Tue Mar 15, 2011
Next month I'm going to attempt to climb the highest peak in Texas (contrary to popular belief, Texas is not flat, it actually stretches up to the sky in the area of 8,700 feet). In theory, I should be able to achieve this, but my chance of failure is pretty high in my current physical state. It's high time I start to put some real action behind my goal to lose a little and shape-up. I'm writing this off of a weekend that had me biking 40 miles, a week where I forced myself to eat *gasp* 2 salads and walk a minimum of 15 miles. Part of this plan was not really to eat stuff better for me, but exercise portion control while enjoying the same high quality of flavor I'm used to. A perfect example is this beautiful bowl of Vietnamese pork resting atop a pile of vermicelli.
When I say I'm not sacrificing flavor, I mean it—Vietnamese pork is insanely delicious. Sliced pork shoulder is marinated in a mixture of garlic, fish sauce, and sugar to embed the meat in and out with great taste. The thin pieces of pork brown quickly over the grill and are excellent in their own right, but with accompaniments, it gets even better.
First is a bed of vermicelli—thin rice noodles found in a lot of Asian dishes. The noodles themselves don't have much going on, which makes them such a great base because they soak up some of the flavor of the pork and the nuoc cham added at the end.
Second is lettuce and mint, which adds a real freshness to the whole thing that would otherwise be missing. Besides, I consider anything with green in it to be pretty healthy...Shamrock shake anyone?
Now for the portion control side of things, I could easily sit and devour this entire plate of tasty, tasty swine, but if I put just a few pieces over the noodles and top with lettuce and mint, that will be all that I eat. Finished bowl, finished meal, and I avoid the nastiness of overeating I tend to suffer from when food is just sitting around open form (think a rack of ribs laying on a cutting board).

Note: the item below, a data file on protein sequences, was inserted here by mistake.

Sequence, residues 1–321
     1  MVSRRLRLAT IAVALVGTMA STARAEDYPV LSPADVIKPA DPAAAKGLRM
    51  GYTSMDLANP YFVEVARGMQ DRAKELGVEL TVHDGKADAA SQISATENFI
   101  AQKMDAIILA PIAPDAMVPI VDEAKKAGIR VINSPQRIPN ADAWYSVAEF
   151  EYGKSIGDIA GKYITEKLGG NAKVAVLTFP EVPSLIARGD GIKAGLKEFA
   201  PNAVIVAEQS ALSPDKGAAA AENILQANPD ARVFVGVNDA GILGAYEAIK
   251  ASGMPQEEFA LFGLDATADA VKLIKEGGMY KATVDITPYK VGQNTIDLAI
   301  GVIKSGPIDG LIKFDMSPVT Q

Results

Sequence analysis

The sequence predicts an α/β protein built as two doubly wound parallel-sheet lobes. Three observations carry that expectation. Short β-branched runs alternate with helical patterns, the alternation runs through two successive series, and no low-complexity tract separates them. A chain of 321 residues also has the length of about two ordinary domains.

Put all together and given the final topping of nuoc cham, this is really a dish that had it all. The cool noodles played off the warm pork, the lettuce added a crunch, while the mint tossed some herbal essence into the mix. A side note to its awesomeness, when I was finished the bowl, I didn't feel like I ate any more than I should have, and couldn't have asked for something with more great flavors than this had. Only problem now, I'm about to embark on a two-day barbecue tour of NYC, and there's not a chance in hell I'm holding myself back on that. Bring on the 'cue!
Vietnamese Pork with Vermicelli
Adapted from Une-deux Senses
For the marinade
8 cloves of garlic, minced
5 tablespoons fish sauce
4 tablespoons sugar
1/2 tsp ground black pepper
2 pounds of pork shoulder
1 package of rice vermicelli
1 head of butter lettuce, torn into small pieces
1 bunch of mint
For the sauce (nuoc cham)
1/4 cup sugar
Juice of 1 lemon
1/3 cup fish sauce
1/2 cup water
2 cloves of garlic, minced
1 carrot, thinly sliced
1 to 2 teaspoons sriracha
1. Place pork in the freezer until it firms slightly, 45 to 60 minutes. Remove the pork from the freezer, thinly slice and place in a large ziploc bag.
2. In a small bowl, mix garlic, fish sauce, sugar and black pepper together to make the marinade. Pour marinade into the bag with the pork and seal, removing as much air as possible. Place in the refrigerator and allow to marinate for one hour to overnight.
3. To make the sauce, whisk together sugar, lemon juice, fish sauce, water, garlic, carrot, and sriracha in a small bowl. Place in the refrigerator until ready to use.
4. Right before grilling, bring a large pot of water to a rolling boil. Add the vermicelli noodles and cook until tender, about 2 to 4 minutes. Drain the noodles and rinse with cold water to stop the cooking process, set aside.
5. Remove the pork from the fridge. Light one chimney full of charcoal. When all the charcoal is lit and covered with gray ash, pour out and spread coals out evenly over the charcoal grate. Clean and oil the grilling grate. Grill pork immediately over the hot fire until cooked through and charred well on both sides, about 5 to 10 minutes. Remove pork to a plate.
6. To assemble, place noodles in bowl or on a plate, then top with the grilled pork, lettuce and mint. Drizzle with the sauce and serve.